But the idea of collapsing the Democratic party so that a meaningful policy debate can take place is still appealing. Such a change might fundamentally alter the makeup of the Republican party and change the nature of the game.

Before making a full evaluation of Dr. Peikoff's position, I would like to hear his opinion on that article. Is he aware of that angle? If so, does he think it has merit?

Does anyone have a line of communication with him, to ask such a question?

#14
DarkWaters

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But the idea of collapsing the Democratic party so that a meaningful policy debate can take place is still appealing. Such a change might fundamentally alter the makeup of the Republican party and change the nature of the game.

Although Robert Tracinski's op-ed is interesting, his advocation presupposes that the meaningful debate within the far right can be won by like-minded individuals and not by the conservatives who are described by Dr. Thompson. Needless to say, it would be horrible if the Right grew to monstorous proportions and subsequently stamped out those among them who were in favor of smaller government and secular leadership.

Ian: Since your list referred to the agenda of the religious right, my response will assume this as context. With regards to what could happen if the religious right hypothetically completed installed all of the reforms that they preferred, you are missing some key things:
  • Treating homosexuals as second class citizens
  • Increase in ISP monitoring (Actually, more than the religious right wants this)
  • Intrincism over objectivism (this would be the worst one). Note: I originally wrote "primacy of consciousness" here. I realized my error later.
I was sort of hoping that Domino's Pizza founder Tom Monaghan's planned Catholic town would be a microcosm of this, but it is my understanding that some planned restrictions have been backed off.

Edited by DarkWaters, 22 October 2006 - 08:54 AM.

"The man who acquires the ability to take full possession of his own mind may take possession of anything else to which he is justly entitled."
~Andrew Carnegie

"[N]othing to me is more revolting ..., But once war is forced on us, there is no other alternative than to apply every available means to bring it to a swift end. War's very object is victory -- not prolonged indecision. In war, indeed, there can be no substitute for victory."
~General Douglas MacArthur

#15
DarkWaters

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[*] Intrincism over objectivism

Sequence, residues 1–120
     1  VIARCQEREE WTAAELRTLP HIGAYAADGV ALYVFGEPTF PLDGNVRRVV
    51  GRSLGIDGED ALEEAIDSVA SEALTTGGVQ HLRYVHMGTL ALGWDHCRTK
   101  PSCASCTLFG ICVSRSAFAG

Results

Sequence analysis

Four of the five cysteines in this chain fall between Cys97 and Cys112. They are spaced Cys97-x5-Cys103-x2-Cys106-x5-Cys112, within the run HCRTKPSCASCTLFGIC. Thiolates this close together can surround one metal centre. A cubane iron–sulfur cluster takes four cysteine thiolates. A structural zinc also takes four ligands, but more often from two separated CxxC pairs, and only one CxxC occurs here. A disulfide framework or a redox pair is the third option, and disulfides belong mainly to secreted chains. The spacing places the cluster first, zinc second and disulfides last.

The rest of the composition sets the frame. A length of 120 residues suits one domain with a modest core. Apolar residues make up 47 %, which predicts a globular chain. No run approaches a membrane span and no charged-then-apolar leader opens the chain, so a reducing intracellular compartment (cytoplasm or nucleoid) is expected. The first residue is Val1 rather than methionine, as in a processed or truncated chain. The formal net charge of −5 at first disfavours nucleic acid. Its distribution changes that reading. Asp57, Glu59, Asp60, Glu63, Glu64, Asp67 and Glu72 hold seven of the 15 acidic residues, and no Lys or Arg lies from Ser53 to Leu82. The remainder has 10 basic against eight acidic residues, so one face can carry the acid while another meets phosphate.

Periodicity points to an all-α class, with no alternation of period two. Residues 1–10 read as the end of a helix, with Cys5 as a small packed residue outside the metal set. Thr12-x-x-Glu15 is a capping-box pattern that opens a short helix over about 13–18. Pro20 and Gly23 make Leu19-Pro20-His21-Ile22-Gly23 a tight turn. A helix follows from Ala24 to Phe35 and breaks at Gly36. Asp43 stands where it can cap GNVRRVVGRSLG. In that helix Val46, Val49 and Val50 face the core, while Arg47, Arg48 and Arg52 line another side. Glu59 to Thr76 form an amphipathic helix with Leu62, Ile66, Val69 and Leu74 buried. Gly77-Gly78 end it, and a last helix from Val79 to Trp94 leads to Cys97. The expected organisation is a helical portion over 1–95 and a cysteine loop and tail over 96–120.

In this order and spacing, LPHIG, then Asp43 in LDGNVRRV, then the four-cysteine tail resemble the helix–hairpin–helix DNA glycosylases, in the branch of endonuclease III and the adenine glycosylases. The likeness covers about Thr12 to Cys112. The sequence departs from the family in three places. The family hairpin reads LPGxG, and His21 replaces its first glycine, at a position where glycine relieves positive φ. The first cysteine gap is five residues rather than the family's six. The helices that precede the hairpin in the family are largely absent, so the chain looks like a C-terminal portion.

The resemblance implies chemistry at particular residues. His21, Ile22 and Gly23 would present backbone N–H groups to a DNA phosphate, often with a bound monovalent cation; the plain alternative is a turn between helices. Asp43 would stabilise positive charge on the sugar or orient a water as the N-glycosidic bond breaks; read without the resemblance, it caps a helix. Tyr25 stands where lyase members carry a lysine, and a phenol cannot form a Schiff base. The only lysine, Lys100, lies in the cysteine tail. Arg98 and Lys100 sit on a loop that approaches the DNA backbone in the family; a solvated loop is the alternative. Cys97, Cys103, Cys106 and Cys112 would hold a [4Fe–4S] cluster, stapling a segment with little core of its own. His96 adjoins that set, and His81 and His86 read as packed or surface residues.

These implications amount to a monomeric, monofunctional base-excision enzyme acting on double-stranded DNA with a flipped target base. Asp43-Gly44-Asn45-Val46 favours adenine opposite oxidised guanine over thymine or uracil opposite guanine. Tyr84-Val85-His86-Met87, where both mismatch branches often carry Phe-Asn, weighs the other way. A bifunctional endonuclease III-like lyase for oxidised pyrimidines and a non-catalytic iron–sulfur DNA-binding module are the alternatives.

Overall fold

I meant to correct the spelling here too from "intrincism" to "intrinsicism" but I suppose I just missed the editing deadline. What a day!
"The man who acquires the ability to take full possession of his own mind may take possession of anything else to which he is justly entitled."
~Andrew Carnegie

"[N]othing to me is more revolting ..., But once war is forced on us, there is no other alternative than to apply every available means to bring it to a swift end. War's very object is victory -- not prolonged indecision. In war, indeed, there can be no substitute for victory."
~General Douglas MacArthur

#16
tommyedison

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Note: I originally wrote "primacy of consciousness" here. I realized my error later.


If my understanding is correct, intrincism too is based on the "primacy of consciousness". Intrincism is disguised subjectivism because it is ultimately based on whims rather than reality.
I made my fortune on the seas, and in the mines, and in the cattle wars of the old frontier... I made it by being tougher than the toughies, and smarter than the smarties. And I made it SQUARE! -Scrooge McDuck

#17
ian

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Ian: Since your list referred to the agenda of the religious right, my response will assume this as context. With regards to what could happen if the religious right hypothetically completed installed all of the reforms that they preferred, you are missing some key things:

  • Treating homosexuals as second class citizens
  • Increase in ISP monitoring (Actually, more than the religious right wants this)
  • Intrincism over objectivism (this would be the worst one). Note: I originally wrote "primacy of consciousness" here. I realized my error later.


Yup, I did forget those. I didn't include things like the last one because I wanted it to be a concrete list.

Just wanted to concretize what we're talking about, because the conservative policies of today and not the same as putting people's heads on pikes and what not from 1000 years ago. Though if they hold the same principles, then I guess in the long run it will be the same.

I am in favor of a Democratic congress proposing big spending and having it vetoed by a Republican president, as against a Republican congress proposing big spending and having it waved through by a Republican prez. So maybe it would be ok the Dems won back congress.

#18
Spano